Apart from the cost of the organ transplant surgeries, a recipient’s family also has to bear the lifelong cost of medical tests and immunosuppression—the medicines transplant recipients must take to ensure that their new organs aren’t rejected by their bodies. “My guess is that most Indian families will find this is not worth the investment on a woman,” Vibhuti Sharma, an organ transplant coordinator in New Delhi, explained.
Economics is also part of the explanation that the transplant community offers for women being the majority of organ donors in India. Donor surgery requires time to recover, longer in the case of liver donors, which means taking time off from work. Indian women mostly don’t do paid work. In 2020, the female employment rate in India was 27.2 percent, while the male rate was 78.8 percent. Women who do work are paid more than 30 percent less than male workers, according to a 2016 International Labor Organization report. By such calculus, Indian women are particularly cost-effective donors.
It is entirely legitimate for daughters-in-law and sisters-in-law to donate organs, Dr. Aabha Nagral, a gastroenterologist and liver transplant hepatologist in Mumbai, told me. “The question to ask is, are brothers-in-law and sons-in-law donating organs similarly?”
One of Dr. Nagral’s male patients, for whom she had recommended a liver transplant, had hoped that one of his three brothers would be fit and willing to donate. But each brother declined. In the end, his sister-in-law stepped in to donate part of her liver to him. “Even husbands donating livers to wives is unusual,” she said.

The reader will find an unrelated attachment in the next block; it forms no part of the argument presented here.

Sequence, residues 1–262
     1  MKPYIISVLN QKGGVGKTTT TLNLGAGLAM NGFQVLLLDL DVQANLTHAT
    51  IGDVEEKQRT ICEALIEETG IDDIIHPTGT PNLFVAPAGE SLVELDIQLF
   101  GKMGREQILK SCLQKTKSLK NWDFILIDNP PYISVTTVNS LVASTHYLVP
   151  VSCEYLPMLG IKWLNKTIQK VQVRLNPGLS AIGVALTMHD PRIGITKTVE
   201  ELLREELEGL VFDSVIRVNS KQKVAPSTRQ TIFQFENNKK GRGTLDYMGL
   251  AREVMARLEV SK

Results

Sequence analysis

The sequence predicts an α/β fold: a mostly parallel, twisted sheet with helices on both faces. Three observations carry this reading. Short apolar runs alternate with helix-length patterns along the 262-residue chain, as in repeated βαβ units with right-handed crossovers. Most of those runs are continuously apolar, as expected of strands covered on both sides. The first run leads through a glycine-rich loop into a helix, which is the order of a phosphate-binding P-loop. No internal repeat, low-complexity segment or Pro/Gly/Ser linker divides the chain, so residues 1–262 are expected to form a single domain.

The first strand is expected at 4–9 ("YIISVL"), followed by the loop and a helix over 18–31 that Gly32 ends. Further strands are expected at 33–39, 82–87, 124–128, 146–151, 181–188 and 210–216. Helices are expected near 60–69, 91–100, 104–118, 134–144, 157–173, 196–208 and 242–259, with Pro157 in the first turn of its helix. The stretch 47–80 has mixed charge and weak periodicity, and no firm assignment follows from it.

The stakes appear to be different when the recipient is a woman, said Prakash Saindane, a transplant coordinator in Mumbai. In 2017, he and his team raised funds for the liver transplant of a two-year-old girl. By November, the money was ready and the father was declared fit to donate. But the transplant only took place in June the following year, eight months after.
“Why? Because the mother, who was pregnant at the time, was made to undergo a medical termination of pregnancy, then they waited for her to recover and donate her liver instead. He did not tell us this; I learned it later. I believe the father’s parents said their son should not risk the operation for a daughter, that the couple could try for other children.”
When the call came from a Bengaluru hospital in September 2017, it was after midnight. Singh felt real fear, but did not share it with his wife. Instead, he asked her not to wake their younger daughter, and to focus on packing their bags. He booked them tickets out of Ranchi, and when they reached Bengaluru, he found them a hotel near the hospital.